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Three observations from Germany’s unconvincing 2-1 win over Ukraine

Germany finally win a game, but they had to work for it. Does the DFB really think Low can continue?

SC Freiburg v FC Bayern Muenchen - Bundesliga
Pictured: Thomas Muller gets a migraine from watching Ukraine vs Germany.
Photo by Alex Grimm/Bongarts/Getty Images

Germany show a startling lack of dynamism

Let’s talk about playing style for a minute. When you think of the best teams in modern day football, who is it that comes to mind? Teams like Bayern Munich, Liverpool, Manchester City — i.e. the ones that dominate possession, press the opposition like wolves, and utilize deadly winger-fullback combos on the flanks. Compared to those teams, this current Germany squad seems like a team from another era.

Gegenpressing? Forget about it. Even though Jogi Low has players from Bayern, PSG, and Leipzig at his disposal — all coached by German managers, mind you — he has no idea how to organize his team into a coherent pressing unit. The current iteration of Die Mannschaft is completely passive in defense, barely able to win the ball back, unless the opponent makes an error or plays it out of bounds.

This extremely passive defense doesn’t gel with defenders who are used to defending actively for their club teams, leading to a total mismatch of personnel and tactics. Germany’s defense doesn’t want to be in constant 1v1 situations with opposition attackers — they’re all uncomfortable playing that way. Hence all the goals conceded lately.

Part of the problem can be traced back to the typically immobile Toni Kroos. While a fantastic tempo setter, the Real Madrid man cannot operate in a pressing system in this stage of his career. No pressing system works when the player at the heart of the midfield can’t close down his man. Joshua Kimmich and Leon Goretzka can’t make up for that. They may be part of a pivot at Bayern, but the Bayern system has Thomas Muller, who presses like two men at the same time.

Meanwhile Kroos himself is being misused, since he’s playing so deep he may as well be another center back. His role on the team is so vague and pointless, it’s hard to see what Germany would lose if he was benched for an extra attacker. Kimmich and Sule can already do what he does. He seems superfluous to the setup — so why not bench him?

Low’s 3-5-2 kills the team’s width

Netherlands v Germany - UEFA EURO 2020 Qualifier Photo by TF-Images/Getty Images

In trying to solve Germany’s defensive woes, Low has sacrificed a traditional 4-man backline for the 3-5-2, which is a formation that doesn’t use wingers. This has had devastating consequences for Germany’s wing-play — instead of leveraging players like Serge Gnabry, Marco Reus, Julian Brandt, Kai Havertz, and Leroy Sane, the coach would rather opt for wingbacks instead.

Serge Gnabry, one of the best wingers in the world, is stuck in a static attack with no dribblers and zero movement, which makes it hard for him to get into the game. He has no one to overlap with, and has to deal with opposition center backs all by himself in the middle. There’s no avenue to use his pace either, since he’s never running at the defense — whenever Gnabry gets the ball, his back appears to be towards the goal.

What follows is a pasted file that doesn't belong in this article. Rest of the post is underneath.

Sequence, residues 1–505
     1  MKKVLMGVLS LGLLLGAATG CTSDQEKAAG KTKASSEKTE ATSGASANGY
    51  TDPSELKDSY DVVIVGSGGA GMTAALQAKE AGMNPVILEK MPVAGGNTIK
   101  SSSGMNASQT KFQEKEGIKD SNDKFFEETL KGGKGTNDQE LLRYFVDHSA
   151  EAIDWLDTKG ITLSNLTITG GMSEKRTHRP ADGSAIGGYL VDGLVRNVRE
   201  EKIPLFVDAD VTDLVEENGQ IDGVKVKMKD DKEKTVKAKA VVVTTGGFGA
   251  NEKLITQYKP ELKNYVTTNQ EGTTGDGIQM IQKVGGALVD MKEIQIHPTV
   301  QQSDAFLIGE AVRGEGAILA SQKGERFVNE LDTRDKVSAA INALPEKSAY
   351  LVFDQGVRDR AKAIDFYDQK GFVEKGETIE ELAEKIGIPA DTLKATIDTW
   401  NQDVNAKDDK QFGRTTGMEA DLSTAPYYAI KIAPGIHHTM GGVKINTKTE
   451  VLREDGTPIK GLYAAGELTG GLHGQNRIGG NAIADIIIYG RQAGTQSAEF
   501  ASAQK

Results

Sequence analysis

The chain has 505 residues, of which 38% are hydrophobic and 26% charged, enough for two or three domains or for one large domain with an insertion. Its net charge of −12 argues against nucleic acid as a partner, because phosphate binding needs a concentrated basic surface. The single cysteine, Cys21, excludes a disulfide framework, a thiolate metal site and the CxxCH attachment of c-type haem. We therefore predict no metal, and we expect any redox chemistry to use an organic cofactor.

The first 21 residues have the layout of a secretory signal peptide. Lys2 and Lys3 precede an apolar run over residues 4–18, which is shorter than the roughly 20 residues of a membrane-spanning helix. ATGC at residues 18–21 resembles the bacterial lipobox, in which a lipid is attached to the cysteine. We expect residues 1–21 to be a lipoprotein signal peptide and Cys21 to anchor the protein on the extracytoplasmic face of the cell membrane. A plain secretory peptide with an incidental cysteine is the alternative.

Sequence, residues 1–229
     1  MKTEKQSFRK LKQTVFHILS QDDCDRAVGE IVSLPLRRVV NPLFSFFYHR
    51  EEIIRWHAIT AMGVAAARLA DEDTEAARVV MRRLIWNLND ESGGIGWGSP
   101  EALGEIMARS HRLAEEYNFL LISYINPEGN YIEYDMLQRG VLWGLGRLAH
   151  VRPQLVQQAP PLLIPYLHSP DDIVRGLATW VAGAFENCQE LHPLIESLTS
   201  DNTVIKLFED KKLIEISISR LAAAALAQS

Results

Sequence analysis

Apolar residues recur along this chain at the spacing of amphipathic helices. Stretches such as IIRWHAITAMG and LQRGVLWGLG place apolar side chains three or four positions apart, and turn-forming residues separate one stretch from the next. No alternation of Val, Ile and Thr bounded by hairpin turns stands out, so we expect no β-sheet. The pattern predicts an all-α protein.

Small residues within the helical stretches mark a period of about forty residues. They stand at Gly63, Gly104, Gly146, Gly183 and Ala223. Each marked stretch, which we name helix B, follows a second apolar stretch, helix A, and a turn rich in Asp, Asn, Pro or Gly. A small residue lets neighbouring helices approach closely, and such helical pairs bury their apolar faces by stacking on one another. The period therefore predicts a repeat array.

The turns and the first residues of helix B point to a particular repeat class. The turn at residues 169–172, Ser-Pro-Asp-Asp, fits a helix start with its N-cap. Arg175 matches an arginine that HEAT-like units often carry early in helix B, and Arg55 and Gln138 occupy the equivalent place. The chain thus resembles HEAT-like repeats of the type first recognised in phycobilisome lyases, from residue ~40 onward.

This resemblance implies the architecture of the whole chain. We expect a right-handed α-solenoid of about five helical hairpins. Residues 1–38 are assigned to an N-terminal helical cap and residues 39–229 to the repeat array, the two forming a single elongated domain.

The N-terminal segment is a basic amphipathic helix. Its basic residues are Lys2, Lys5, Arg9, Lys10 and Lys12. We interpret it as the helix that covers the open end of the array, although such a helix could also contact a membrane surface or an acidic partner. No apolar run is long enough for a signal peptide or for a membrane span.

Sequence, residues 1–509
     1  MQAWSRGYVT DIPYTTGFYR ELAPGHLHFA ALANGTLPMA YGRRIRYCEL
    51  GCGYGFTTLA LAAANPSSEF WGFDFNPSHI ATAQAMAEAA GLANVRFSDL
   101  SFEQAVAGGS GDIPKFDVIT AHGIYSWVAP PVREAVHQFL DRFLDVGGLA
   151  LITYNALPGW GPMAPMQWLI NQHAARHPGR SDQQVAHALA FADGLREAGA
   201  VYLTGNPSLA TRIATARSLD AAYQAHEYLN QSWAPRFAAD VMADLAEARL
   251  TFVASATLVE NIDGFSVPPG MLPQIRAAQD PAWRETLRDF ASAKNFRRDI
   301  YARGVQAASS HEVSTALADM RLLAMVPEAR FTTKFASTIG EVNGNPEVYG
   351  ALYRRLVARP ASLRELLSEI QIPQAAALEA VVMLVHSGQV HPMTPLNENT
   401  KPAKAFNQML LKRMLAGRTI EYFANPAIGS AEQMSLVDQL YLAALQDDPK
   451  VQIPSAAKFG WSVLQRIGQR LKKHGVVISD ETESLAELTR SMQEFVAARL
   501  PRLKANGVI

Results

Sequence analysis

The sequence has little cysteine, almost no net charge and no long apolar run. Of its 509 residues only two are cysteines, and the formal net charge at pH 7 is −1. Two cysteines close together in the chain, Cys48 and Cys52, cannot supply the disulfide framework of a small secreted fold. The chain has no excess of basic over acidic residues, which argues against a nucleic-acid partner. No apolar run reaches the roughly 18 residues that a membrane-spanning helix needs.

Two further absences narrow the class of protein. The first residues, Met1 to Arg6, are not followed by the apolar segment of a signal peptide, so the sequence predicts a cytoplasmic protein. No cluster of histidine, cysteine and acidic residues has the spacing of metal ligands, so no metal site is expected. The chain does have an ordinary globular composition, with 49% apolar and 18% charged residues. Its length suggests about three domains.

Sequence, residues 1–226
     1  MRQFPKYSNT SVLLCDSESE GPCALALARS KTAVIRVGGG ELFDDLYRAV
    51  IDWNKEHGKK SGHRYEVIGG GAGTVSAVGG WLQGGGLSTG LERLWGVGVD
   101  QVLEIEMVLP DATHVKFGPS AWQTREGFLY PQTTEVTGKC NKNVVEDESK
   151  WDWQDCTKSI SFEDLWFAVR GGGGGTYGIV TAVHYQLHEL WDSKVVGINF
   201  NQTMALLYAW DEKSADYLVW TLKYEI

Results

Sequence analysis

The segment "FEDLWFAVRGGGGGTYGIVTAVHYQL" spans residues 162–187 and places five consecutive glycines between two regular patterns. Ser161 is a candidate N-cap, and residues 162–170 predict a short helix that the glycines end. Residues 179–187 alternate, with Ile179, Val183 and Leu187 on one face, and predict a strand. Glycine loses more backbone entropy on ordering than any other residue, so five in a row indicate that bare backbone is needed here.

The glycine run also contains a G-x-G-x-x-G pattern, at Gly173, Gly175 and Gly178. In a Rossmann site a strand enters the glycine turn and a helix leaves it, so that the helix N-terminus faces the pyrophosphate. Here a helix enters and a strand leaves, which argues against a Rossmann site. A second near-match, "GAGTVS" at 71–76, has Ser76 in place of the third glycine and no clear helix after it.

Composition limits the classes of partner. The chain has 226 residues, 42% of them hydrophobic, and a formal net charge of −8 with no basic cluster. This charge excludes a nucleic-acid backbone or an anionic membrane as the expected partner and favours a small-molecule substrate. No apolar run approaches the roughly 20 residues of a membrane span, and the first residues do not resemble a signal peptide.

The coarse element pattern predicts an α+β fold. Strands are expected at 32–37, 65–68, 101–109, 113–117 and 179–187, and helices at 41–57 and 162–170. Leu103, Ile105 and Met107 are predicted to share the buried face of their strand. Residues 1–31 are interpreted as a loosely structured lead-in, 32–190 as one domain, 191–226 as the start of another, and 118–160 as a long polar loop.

Why is the problem so bad? The thing is, the players are not suited to a 3-5-2. Germany’s wingbacks are not offensive monsters like Alphonso Davies — Marcel Halstenberg and Lukas Klostermann are defensive players, and they don’t really provide the incisiveness or attacking impetus that the young Canadian can do for Bayern Munich. This cripples an already stunted wing presence even further, leading to a stale, lifeless attack that puts the personnel on the pitch to shame.

It’s telling that Germany’s only two goals came from a set piece and a howler by the Ukrainian keeper — the team was impotent in attack for the entire 90’.

Low packs the box against a toothless Ukraine, to little avail

Germany have a terrible defense, and it seems that Low has no clue how to fix it. His current solution seems to be to pack the box with as many defenders as he can. You’d think that a World Cup winning coach could come up with something a little more sophisticated, but it really looks like this is the best we’re gonna get. He’s completely butchered Germany’s attack and midfield, abandoning his previous philosophy in the process. Why? Just so he can shore up the defense and provide Manuel Neuer some semblance of protection.

The results leave a lot to be desired. Low got lucky that Ukraine’s attackers played like a bunch of caffeinated gibbons — they couldn’t complete a pass in the final third to save their lives. Even so, they still scored a goal! Even with a 3-5-2 and a packed box, Germany cannot defend. There isn’t a single player on that team that plays a system like that at club level. Jogi isn’t going to coach them into Italy 2.0. He needs to stop trying it.

German coaches are currently some of the best in world football. Klopp, Hansi, Nagelsmann, Tuchel — these men are certified geniuses in their field. The German touch is being felt everywhere now — every coach wants their players to press, to play the ball wide, to take the game to the opposition. It is THE way to win.

The fact that the German National Team shows no signs of adopting this philosophy is baffling. Ideally, it should come as naturally as breathing to these players. Instead, you have the best players in the country playing a broken hyrbid of outdated Tiki-Taka and Italian cantenaccio. This isn’t going to bring Germany success. If Low can’t see that, then he must go.

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